Non-communicable disease risk and HIV in rural South Africa

Project title
Non-communicable disease risk and HIV in rural South Africa

Research question
Non-communicable disease risk and HIV in rural South Africa

Rationale
The HIV epidemic in sub-Saharan Africa is increasingly being accompanied by a new emerging epidemic of non-communicable disease, particularly cardiovascular diseases. The scale-up of antiretroviral therapy and declining mortality due to improved survival of people wit HIV/AIDS suggests an increased burden of cardio-metabolic diseases and associated risk factors. The growing need for chronic care of both HIV/AIDS and and cardio-metabolic diseases, in South Africa and regionally, highlights the importance of greater understanding the burden and risk factors of these diseases. Using a cross-sectional survey the association of cardio-metabolic risk factors with HIV-status and use of ART is investigated in more than 4 500 men and women from 15 to 80 years of age. The survey is conducted in the Agincourt Health and Socio-Demographic Surveillance System located in rural northeast South Africa, close to the Mozambiquan border.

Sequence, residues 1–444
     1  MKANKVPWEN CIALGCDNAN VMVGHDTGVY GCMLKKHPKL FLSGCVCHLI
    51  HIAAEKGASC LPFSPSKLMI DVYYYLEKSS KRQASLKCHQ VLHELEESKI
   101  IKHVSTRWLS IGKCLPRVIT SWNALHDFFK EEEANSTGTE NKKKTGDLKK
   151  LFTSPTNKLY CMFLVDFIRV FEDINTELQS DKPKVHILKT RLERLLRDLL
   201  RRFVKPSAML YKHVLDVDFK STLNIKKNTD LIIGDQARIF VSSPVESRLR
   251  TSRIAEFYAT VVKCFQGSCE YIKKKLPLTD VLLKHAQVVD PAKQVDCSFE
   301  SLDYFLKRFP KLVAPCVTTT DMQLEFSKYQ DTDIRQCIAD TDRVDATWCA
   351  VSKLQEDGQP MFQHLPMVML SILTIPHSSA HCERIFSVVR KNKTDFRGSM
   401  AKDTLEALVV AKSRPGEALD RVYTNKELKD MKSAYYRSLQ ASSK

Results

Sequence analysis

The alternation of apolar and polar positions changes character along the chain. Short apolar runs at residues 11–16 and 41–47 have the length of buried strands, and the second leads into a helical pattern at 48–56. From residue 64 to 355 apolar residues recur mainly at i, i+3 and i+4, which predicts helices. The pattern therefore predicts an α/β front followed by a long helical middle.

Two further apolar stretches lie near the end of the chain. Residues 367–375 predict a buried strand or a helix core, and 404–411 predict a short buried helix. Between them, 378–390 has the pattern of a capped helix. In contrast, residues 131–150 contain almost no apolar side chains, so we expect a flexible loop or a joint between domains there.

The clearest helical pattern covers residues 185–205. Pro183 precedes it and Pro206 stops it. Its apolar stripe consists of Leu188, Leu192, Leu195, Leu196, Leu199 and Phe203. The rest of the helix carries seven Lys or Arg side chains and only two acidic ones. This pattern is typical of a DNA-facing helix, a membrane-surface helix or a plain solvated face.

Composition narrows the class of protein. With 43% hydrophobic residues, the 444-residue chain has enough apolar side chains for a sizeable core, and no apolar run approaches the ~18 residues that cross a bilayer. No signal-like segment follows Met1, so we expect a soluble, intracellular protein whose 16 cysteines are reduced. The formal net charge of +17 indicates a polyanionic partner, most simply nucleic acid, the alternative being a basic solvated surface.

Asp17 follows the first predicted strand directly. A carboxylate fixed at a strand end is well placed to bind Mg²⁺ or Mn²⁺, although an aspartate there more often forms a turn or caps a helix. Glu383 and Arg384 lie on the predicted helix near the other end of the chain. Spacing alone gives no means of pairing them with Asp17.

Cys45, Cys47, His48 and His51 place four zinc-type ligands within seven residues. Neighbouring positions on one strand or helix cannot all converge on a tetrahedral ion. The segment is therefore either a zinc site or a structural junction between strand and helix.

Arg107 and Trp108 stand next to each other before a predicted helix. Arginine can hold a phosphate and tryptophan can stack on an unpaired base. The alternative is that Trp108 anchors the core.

Investigators 
S. Tollman, J. Menken, K. Klipstein-Grobusch, J.Williams, F.X. Gómez-Olivé, N. Angotti, B. Houle, C. Kabudula, S. Clark Timeframe: 2010-2013 Partners: School of Public Health, University of the Witwatersrand, Johannesburg, South Africa; MRC / WITS Rural Public Health and Health Transitions Research Unit, Johannesburg, South Africa;
University of Colorado, Boulders, USA;
University of Washington, Seattle, USA Funding: National Institute of Aging (USA);
National Institutes of Health (USA); Wellcome Trust (UK);
William and Flora Hewlett Foundation (USA);
Anglo American Chairman’s Fund (South Africa)